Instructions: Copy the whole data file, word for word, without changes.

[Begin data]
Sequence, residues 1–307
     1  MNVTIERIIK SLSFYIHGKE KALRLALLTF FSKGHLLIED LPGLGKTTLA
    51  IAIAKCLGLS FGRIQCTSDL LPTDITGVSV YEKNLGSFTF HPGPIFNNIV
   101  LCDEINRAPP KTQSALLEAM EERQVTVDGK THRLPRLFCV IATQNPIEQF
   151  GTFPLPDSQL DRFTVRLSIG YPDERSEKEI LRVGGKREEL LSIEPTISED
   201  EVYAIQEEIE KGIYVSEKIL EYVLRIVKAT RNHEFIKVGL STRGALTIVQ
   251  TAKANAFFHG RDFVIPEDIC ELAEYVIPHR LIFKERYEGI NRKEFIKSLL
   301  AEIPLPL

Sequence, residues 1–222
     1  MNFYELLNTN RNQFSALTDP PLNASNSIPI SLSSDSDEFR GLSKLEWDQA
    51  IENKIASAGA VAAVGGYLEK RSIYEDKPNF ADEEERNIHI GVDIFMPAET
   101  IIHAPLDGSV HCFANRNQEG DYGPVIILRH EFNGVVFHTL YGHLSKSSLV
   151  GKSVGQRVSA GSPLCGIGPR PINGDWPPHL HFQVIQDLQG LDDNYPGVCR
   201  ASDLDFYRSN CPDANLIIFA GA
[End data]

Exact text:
Sequence, residues 1–307
     1  MNVTIERIIK SLSFYIHGKE KALRLALLTF FSKGHLLIED LPGLGKTTLA
    51  IAIAKCLGLS FGRIQCTSDL LPTDITGVSV YEKNLGSFTF HPGPIFNNIV
   101  LCDEINRAPP KTQSALLEAM EERQVTVDGK THRLPRLFCV IATQNPIEQF
   151  GTFPLPDSQL DRFTVRLSIG YPDERSEKEI LRVGGKREEL LSIEPTISED
   201  EVYAIQEEIE KGIYVSEKIL EYVLRIVKAT RNHEFIKVGL STRGALTIVQ
   251  TAKANAFFHG RDFVIPEDIC ELAEYVIPHR LIFKERYEGI NRKEFIKSLL
   301  AEIPLPL

Sequence, residues 1–222
     1  MNFYELLNTN RNQFSALTDP PLNASNSIPI SLSSDSDEFR GLSKLEWDQA
    51  IENKIASAGA VAAVGGYLEK RSIYEDKPNF ADEEERNIHI GVDIFMPAET
   101  IIHAPLDGSV HCFANRNQEG DYGPVIILRH EFNGVVFHTL YGHLSKSSLV
   151  GKSVGQRVSA GSPLCGIGPR PINGDWPPHL HFQVIQDLQG LDDNYPGVCR
   201  ASDLDFYRSN CPDANLIIFA GA